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Trump may not attend arraignment in Fulton County

Washington — Former President Donald Trump may not show up to hisarraignment in Georgia next week, according to two sources familiar with his plans.

Trump is considering waiving his arraignment appearance, which is scheduled for the morning of Sept. 6, the sources told CBS News. He is charged with 13 felony countsrelated to an alleged scheme to overturn the results of the presidential election in Georgia.

What is a waiver of arraignment?

Fulton County Superior Court allows defendants to appear virtually for arraignments or waive their right to appear at all. Instead, a defendant’s attorney would enter a not guilty plea in writing.

Several of Trump’s 18 co-defendants have already waived their formal arraignments and entered not guilty pleas, excusing them from appearing in person.

Trump has not yet filed a waiver of arraignment with the court.

It would be the only time Trump did not appear in person for his arraignment in the four criminal cases that have been brought against him this year.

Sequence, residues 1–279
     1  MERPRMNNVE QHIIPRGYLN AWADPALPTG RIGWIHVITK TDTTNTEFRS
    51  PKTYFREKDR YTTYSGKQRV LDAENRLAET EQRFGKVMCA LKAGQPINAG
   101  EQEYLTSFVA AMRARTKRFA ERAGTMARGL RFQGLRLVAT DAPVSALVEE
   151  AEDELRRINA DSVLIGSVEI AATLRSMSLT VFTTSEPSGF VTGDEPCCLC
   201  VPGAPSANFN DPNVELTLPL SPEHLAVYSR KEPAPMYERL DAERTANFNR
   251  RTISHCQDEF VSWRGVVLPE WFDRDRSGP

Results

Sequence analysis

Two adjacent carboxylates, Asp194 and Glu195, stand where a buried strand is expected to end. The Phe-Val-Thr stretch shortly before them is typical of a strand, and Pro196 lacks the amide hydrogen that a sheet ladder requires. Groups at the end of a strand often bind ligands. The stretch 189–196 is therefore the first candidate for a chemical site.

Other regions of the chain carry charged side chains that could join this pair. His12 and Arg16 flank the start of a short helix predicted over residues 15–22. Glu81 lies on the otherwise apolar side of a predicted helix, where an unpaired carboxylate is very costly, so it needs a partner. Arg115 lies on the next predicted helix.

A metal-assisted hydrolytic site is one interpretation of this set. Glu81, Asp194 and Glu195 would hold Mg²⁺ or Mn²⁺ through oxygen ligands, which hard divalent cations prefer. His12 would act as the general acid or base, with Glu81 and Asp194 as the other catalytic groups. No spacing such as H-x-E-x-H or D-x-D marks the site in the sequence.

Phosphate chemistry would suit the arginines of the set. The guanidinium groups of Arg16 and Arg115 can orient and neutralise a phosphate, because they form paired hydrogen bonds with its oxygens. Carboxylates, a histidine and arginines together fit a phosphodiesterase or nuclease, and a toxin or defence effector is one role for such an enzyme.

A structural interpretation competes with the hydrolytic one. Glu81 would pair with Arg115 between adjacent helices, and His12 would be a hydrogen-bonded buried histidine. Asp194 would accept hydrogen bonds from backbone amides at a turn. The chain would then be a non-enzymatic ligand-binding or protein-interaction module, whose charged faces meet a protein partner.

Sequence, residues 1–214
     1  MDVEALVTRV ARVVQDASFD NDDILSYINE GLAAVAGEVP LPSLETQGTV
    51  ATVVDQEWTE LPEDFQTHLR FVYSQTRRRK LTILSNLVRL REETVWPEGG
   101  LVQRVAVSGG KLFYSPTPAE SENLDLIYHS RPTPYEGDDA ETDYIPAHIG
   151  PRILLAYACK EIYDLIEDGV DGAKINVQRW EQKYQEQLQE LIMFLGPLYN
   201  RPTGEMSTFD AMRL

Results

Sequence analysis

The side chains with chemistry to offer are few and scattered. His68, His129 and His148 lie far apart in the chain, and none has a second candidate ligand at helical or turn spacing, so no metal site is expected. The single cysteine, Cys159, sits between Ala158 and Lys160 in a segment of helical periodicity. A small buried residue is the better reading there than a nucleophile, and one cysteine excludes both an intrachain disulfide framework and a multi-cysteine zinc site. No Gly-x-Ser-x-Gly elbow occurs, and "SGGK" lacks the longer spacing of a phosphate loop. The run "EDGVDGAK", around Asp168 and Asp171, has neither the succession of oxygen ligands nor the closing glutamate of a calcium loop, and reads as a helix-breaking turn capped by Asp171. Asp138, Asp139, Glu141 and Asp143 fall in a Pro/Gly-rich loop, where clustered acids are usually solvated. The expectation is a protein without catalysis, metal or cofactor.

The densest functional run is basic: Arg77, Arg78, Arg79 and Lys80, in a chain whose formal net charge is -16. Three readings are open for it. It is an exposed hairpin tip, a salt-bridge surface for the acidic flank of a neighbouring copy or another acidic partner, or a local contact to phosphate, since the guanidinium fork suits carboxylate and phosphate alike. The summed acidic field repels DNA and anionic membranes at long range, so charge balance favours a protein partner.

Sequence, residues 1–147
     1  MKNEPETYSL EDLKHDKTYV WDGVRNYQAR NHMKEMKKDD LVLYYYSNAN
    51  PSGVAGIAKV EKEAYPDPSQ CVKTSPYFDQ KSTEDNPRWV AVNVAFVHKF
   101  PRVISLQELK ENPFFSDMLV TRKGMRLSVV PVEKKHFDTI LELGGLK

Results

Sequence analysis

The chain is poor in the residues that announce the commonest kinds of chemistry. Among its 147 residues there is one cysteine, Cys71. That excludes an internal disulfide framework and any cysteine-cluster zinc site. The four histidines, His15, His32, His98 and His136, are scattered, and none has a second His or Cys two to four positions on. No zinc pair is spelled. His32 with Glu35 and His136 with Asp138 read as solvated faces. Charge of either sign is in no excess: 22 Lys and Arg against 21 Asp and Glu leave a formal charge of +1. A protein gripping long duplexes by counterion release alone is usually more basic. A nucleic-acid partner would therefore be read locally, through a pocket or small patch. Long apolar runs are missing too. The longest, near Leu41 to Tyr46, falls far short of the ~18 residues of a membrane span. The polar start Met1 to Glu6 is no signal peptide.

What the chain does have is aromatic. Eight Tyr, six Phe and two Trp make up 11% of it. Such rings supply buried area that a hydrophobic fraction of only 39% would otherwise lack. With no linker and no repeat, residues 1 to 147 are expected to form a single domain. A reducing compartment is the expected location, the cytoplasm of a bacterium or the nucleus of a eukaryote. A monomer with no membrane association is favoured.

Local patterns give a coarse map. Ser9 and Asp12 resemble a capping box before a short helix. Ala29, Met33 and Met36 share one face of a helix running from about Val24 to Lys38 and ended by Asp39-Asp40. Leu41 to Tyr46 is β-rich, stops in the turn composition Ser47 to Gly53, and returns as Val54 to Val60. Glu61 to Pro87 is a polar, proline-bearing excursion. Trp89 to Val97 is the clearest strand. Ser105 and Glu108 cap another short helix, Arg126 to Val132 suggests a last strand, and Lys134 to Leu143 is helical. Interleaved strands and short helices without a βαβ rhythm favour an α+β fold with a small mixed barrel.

The former president, who has denied any wrongdoing,surrendered last week at the Fulton County jail after he and 18 others were accused of participating in a “criminal enterprise” that aimed to reverse his loss in Georgia’s 2020 presidential election.

What are the other cases against Trump?

The indictment alleged Trump and his co-defendants schemed to overturn the election results, which included making false statements to state legislatures and state officials; creating fake Electoral College documents and recruiting supporters to cast false votes; harassing a Fulton County election worker; and “corruptly” soliciting senior Justice Department officials and then-Vice President Mike Pence.

Trump has been charged in two federal cases, one involving his handling of sensitive government documents and the other related to his alleged attempt to stop the transfer of power after the 2020 presidential election. He was also charged in New York for allegedly falsifying business records related to “hush money” payments to conceal damaging information before the 2016 election. He has pleaded not guilty in those three cases.

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